Washington Post article
December 21, 1991
by Carey Kinsolving
About 1,200 children will be bused today to Kenilworth Recreation Center in southeast Washington for an afternoon of games, Bible lessons and Christmas gifts as part of an innovative ministry called Kids’ Konnection.
For many Washington area residents, public housing complexes such as Benning Terrace, East Gate, Barry Farms and Highland Farms invoke images of poverty, drugs and violence. But when Theresa and Steve Mullen drive through those neighborhoods, they see children who are torn between the innocence of childhood and survival in a violent adult world.
In 1989, the Mullens tore out the seats of an old school bus and created a Sunday school on wheels for children in the projects. Through the use of puppetry, their program – Sidewalk Sunday Schools – became such a hit that they had to forsake the bus for more space. The resident councils of several complexes voted to allow the Mullens to conduct their meetings on their properties.
Following Theresa Mullen, 45, around the projects is like trailing a spiritual pied piper. Children come from everywhere asking when she is coming to their house.
Looking like a coach with her sweatshirt, blue jeans, tennis shoes and clipboard, Mullen asks groups of children walking home from school if they have received permission slips to ride the bus for the Kids’ Konnection party.
On one occasion last week, Mullen motioned to 9-year-old Adam Fears. He walked over to Mullen’s red Dodge Colt, and she produced a pair of slightly used black Reebok tennis shoes donated by a suburban church.
But new clothes are far from the biggest need faced by most youths in those communities, said Mullen. They need good counsel.
“Many are caught in a tension between love and hate for abusive parents,” Mullen said. “Kids often become confused and blame themselves for their parents’ irrational behavior.”
One of Theresa Mullen’s first problem children came knocking at her door 12 years ago. Danell Williams, 20, came to Mullen as an 8-year-old to escape a fight between her mother and her mother’s boyfriend. Mullen’s house in Arlington’s Green Valley area provided a safe haven.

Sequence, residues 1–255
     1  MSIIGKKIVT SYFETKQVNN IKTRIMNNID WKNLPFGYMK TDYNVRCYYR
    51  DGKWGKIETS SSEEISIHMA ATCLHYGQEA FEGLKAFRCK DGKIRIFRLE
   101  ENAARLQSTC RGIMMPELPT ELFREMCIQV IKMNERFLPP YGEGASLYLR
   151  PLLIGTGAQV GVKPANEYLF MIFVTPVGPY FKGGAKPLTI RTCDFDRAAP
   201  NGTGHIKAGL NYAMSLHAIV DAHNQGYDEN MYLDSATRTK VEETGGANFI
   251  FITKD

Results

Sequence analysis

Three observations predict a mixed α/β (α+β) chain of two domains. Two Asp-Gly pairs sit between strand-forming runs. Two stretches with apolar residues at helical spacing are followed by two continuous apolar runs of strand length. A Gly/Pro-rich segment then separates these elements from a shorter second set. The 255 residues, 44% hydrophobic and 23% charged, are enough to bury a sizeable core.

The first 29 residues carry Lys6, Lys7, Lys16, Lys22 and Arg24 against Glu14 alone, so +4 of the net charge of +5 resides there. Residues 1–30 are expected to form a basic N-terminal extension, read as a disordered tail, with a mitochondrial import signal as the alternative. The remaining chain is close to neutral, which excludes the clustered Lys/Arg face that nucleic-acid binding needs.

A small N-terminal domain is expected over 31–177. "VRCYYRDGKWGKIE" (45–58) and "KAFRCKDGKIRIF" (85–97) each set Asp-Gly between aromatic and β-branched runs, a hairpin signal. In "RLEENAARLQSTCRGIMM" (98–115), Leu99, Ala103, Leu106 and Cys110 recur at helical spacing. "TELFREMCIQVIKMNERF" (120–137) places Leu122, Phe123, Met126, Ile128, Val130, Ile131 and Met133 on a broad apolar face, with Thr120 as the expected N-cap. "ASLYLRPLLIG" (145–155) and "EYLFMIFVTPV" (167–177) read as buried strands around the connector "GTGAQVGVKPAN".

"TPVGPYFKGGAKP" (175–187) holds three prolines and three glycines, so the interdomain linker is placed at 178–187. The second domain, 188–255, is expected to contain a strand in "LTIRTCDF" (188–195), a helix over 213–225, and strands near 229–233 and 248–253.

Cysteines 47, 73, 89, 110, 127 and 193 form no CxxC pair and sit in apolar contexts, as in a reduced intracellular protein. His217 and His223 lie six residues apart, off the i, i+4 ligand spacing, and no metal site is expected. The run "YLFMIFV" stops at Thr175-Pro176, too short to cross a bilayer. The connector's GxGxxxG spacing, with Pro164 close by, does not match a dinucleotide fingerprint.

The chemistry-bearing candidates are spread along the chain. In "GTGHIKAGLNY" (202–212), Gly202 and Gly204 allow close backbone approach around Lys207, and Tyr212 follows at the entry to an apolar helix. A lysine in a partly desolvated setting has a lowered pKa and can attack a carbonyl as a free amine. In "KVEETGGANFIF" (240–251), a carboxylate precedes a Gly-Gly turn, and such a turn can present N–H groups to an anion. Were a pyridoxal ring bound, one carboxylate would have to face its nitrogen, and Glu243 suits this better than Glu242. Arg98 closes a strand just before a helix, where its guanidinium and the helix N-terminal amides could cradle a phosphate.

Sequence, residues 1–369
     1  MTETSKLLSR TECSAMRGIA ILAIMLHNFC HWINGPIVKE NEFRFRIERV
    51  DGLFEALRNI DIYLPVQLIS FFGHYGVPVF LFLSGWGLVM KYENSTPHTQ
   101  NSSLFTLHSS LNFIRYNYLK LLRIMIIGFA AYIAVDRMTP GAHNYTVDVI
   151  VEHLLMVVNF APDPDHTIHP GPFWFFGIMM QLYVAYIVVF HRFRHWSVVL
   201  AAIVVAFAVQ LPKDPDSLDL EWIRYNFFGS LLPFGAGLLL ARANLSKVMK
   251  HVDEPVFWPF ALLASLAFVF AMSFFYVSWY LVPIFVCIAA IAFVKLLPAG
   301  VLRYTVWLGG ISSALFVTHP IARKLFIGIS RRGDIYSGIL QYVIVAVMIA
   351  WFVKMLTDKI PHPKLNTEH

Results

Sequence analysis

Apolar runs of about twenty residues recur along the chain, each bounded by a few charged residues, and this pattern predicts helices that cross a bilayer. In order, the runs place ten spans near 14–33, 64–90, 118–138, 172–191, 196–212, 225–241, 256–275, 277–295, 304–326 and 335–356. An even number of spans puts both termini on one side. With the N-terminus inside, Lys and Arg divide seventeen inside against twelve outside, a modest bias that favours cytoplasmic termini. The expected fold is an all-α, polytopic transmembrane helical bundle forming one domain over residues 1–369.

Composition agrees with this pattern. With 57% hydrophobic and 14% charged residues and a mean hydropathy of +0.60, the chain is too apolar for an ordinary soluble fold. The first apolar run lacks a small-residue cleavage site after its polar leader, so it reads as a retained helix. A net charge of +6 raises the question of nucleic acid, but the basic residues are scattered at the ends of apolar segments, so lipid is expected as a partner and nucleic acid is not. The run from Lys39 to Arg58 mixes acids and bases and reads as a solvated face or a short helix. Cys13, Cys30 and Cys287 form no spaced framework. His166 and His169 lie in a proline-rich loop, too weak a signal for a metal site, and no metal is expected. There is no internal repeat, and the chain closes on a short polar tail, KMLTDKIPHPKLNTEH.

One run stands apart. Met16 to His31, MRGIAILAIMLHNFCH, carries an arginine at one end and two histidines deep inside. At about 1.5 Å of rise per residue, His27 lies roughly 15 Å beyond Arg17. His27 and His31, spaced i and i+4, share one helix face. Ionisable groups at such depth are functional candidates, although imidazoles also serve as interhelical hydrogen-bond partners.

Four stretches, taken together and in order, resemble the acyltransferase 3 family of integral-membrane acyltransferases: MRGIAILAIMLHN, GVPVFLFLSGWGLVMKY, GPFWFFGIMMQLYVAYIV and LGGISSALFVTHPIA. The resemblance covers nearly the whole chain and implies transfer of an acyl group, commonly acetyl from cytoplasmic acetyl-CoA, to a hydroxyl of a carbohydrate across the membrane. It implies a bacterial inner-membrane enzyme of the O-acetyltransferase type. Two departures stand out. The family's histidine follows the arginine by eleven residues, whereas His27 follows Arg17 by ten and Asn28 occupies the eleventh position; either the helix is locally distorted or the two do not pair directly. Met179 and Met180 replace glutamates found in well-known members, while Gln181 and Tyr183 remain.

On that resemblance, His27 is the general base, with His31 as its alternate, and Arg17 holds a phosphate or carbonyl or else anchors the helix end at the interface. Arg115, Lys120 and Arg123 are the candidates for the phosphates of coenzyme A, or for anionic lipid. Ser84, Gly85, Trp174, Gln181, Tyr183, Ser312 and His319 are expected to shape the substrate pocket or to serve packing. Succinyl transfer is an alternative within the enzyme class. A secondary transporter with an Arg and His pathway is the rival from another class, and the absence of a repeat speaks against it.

Mullen helped Williams work through the false guilt she carried for her mother’s problems. “I thought it was me that was making bad things happen,” Williams said.
Mullen said she moved into the low-income Green Valley neighborhood in 1979 so she could work with troubled children like Williams. She said she became attached to the children in Arlington through her work with their mothers in the Arlington County jail.
Many youths who attend Mullen’s classes can’t afford the luxury of being a child because adult responsibilities have been foisted upon them. “When we conduct Sidewalk Sunday Schools, 7- or 8-year-olds will have babies on their laps,” Mullen said. “It’s like a little baby holding a baby. Sometimes an older child will be kept home from school to babysit the younger kids.”
Mullen teaches that children are not responsible if their mothers are taking drugs and abusing alcohol.
Coming to Sidewalk Sunday School allows children to remain young. Mullen recalls two boys who stood at the edge of her class. For awhile they seemed to struggle between joining in the fun with the other youngsters and maintaining their macho image as they clasped clublike table legs in their hands. Finally, they dropped the table legs and sat down with their friends.
The biggest challenge Mullen faces, she said, is communicating God’s love to children who often feel very unloved. “They have a hard time understanding that someone’s going to love them no matter what. That’s kind of hard for them to accept. But if you constantly keep showing them that love, they eventually grasp it – God can love me.”
Washington Post article
December 21, 1991
by Carey Kinsolving
Angels descended upon the Washington area last Saturday. They didn’t have halos, wings or white garments, but they did have a heavenly mission that was welcomed by more than 4,000 area children whose parents are in jail.